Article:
Last night Jim and I went to see Dar Williams perform at The Tower Theatre here in Bend.
Damn – she is amazing. If you get a chance, go see Dar. Anywhere you can.
While it’s the first time I’ve seen her on stage, I get the strong impression that no matter where she performs, it feels like you are in a 30-seat coffeehouse and she’s singing just for you and your friends. That’s a gift, she’s got – a big bonus to the crazy-good voice and storytelling she does in her music.
Many little things made me think of the parallels between performing music and public-speaking, between my occasional tears, raucous laughter and total absorption in the music. The one that stood out the most is when Dar just completely forgot the lyrics to the song she was singing.
I mean, like stumble, stop strumming, hand-to-head-with-squinty-eyes forgot.
As is always the case, I had a moment of panic, on her behalf. This is good to note in all presenting/performing: NO ONE wants you to fail, mess up, or fall apart (okay, I suppose there are those wack-jobs out there whose self-esteem thrives on that kind of horror, but they are very, very rare – and they don’t matter, really, anyway.)
My point is: I needed Dar to pull it together fast so I did not get more uncomfortable. My overall pleasure at the show really depended on that.
She handled it beautifully.
Three specific things she did during the show and at the time of the forgotten-lyrics-situation made the situation a non-issue – and possibly even added to the overall great feeling of the experience for me as an audience member. These things can serve you well in your public-speaking, too, if you ever find yourself in the difficult situation of forgotten information or other on-stage struggles. Here they are:
Create genuine connection with your audience, from the very beginning. From the start of the show, Dar told these riveting backstories on the songs she was about to sing. She was both self-deprecating and brilliant in detail and description. Very early on, I was absolutely certain that Dar and I would be fabulous friends. I felt I knew her – and I wanted good things for her. So, when things went a little awry, my heart was on her side, willing the words to come back to her.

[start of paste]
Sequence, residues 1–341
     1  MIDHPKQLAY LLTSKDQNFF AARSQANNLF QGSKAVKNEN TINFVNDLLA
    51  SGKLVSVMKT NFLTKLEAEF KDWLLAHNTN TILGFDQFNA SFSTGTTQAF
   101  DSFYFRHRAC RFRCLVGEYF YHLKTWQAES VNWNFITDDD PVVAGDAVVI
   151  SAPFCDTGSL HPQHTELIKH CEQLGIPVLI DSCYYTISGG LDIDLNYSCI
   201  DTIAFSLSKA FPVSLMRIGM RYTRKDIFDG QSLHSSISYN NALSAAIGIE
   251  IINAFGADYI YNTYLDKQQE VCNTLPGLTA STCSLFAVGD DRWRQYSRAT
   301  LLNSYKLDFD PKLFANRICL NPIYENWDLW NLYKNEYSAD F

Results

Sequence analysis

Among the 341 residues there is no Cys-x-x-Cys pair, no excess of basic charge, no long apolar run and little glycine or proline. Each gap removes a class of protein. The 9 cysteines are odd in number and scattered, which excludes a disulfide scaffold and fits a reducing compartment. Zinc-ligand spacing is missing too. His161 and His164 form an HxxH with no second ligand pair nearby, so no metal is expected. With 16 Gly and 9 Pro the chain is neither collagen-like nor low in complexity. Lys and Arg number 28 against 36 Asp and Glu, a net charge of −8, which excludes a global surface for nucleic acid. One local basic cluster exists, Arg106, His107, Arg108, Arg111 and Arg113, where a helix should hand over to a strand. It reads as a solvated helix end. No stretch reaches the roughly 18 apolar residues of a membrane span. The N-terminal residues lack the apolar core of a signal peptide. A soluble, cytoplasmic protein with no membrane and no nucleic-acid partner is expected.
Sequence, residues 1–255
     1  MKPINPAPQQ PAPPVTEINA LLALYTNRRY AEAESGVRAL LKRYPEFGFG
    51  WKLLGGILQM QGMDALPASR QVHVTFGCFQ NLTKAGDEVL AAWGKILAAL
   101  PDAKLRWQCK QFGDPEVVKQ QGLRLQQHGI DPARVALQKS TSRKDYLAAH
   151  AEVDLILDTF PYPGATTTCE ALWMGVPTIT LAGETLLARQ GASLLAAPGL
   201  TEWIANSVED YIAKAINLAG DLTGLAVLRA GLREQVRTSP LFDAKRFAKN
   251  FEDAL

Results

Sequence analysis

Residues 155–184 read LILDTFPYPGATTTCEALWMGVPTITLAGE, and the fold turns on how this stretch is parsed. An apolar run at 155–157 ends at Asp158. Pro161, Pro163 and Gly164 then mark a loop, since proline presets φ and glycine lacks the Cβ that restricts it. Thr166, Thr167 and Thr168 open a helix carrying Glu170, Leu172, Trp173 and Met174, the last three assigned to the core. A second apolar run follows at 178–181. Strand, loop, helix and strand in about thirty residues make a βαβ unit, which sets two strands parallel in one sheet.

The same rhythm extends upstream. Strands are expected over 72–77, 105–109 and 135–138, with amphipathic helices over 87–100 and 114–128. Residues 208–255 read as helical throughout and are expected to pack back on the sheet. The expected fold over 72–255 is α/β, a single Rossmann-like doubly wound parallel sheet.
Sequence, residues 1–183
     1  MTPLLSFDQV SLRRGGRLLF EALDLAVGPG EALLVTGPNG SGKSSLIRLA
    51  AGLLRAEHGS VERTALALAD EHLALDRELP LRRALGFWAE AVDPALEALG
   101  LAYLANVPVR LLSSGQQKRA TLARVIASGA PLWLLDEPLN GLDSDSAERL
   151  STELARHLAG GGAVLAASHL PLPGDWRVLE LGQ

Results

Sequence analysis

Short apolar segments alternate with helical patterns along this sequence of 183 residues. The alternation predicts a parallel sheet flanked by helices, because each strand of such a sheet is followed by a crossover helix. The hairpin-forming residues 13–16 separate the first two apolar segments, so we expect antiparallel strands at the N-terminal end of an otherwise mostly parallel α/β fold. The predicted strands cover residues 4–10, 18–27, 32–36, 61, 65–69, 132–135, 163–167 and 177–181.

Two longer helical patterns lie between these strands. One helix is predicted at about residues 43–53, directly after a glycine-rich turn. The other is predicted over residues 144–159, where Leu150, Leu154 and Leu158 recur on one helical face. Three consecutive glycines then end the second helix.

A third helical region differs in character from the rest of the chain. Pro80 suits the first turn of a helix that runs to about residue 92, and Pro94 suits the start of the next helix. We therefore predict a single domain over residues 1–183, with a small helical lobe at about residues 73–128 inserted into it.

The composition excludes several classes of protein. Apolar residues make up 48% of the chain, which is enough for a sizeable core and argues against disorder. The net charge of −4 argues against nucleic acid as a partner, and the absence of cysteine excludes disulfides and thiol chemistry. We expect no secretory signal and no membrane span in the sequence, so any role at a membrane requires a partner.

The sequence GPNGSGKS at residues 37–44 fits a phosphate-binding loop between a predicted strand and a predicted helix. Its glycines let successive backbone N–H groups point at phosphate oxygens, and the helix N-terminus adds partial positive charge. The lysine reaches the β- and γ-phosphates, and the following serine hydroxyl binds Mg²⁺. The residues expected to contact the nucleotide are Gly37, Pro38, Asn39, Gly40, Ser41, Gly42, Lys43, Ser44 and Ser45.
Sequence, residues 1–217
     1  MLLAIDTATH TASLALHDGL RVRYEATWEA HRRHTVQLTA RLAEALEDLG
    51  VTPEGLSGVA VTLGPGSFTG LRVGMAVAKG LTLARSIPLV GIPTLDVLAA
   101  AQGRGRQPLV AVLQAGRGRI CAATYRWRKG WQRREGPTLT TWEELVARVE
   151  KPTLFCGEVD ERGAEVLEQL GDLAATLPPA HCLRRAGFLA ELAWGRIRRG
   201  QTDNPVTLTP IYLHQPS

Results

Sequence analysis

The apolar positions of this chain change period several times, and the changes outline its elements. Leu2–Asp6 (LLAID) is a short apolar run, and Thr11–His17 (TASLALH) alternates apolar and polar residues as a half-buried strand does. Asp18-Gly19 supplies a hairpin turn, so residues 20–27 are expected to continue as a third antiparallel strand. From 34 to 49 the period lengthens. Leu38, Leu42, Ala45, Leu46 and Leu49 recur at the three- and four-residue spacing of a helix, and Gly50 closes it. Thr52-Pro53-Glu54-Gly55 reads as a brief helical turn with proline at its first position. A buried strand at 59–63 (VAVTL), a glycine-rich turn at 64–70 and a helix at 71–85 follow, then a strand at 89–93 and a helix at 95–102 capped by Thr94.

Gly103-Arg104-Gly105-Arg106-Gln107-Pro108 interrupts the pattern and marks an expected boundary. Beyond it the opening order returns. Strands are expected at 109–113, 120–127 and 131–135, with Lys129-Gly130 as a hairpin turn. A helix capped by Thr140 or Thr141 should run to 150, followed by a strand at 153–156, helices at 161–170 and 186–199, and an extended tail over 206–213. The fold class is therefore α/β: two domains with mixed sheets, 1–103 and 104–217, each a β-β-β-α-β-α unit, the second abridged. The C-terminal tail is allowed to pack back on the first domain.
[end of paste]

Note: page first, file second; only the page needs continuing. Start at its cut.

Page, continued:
Own up to the situation with grand confidence. It was surprising when Dar stopped, mid-song, hand to head, and said “Oh no! I’ve forgotten…” – but she was laughing, and her posture and facial expression said, “But don’t worry, I’ll get it…” She continued to strum along, commentary flowing… then she said something like, “I’m sorry, I hope you don’t take this the wrong way…. but, well, better you than at the wedding… ” Since she had been sharing about her life so much to that point, we all knew she was playing at her college best friend’s wedding in a few days. Instead of feeling like a “low blow”, it was a beautiful way to dissipate the tension and remind us all of our shared history (if but only for the last hour) and connection. She picked back up playing quickly and took that song on with the same confidence as all the others. Which leads me to the final and critically important part…
Move on. We’ll be okay if you’re okay. So get okay as soon as possible. Dar made one more comment, as she began to sing the next song (a beautiful song, written about her husband), reassuring us, “I’ve got a much better handle on this one…” After that, the show went on just as before – mesmerizing storytelling in both song and monologue. I could have listened for at least another hour. And I don’t often feel that way after two hours of doing anything.
Sometime I’ll tell you about the time I forgot my lines on a stage in San Francisco. I didn’t handle it nearly as gorgeously as Dar Williams, but I learned a lot about just how much the audience wants you to succeed. If you do the things Dar did above, you will both get past the angst of your own blipped moment and you’ll make a very cool impression on your audience. Meantime, go get yourself some Dar!
Thanks Dunkv, for the way better Dar shot than I was able to get on my iPhone at last night’s concert.